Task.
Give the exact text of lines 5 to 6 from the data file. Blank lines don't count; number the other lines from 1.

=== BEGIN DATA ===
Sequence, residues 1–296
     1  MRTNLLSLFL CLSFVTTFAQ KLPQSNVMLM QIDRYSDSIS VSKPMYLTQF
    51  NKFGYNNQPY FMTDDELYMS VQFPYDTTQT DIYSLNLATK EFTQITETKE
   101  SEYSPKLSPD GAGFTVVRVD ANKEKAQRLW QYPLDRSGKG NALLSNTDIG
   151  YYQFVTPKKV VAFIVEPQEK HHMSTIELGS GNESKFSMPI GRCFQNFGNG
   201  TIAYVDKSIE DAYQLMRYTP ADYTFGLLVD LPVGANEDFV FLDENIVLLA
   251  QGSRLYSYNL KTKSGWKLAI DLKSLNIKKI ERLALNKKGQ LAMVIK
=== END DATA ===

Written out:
   151  YYQFVTPKKV VAFIVEPQEK HHMSTIELGS GNESKFSMPI GRCFQNFGNG
   201  TIAYVDKSIE DAYQLMRYTP ADYTFGLLVD LPVGANEDFV FLDENIVLLA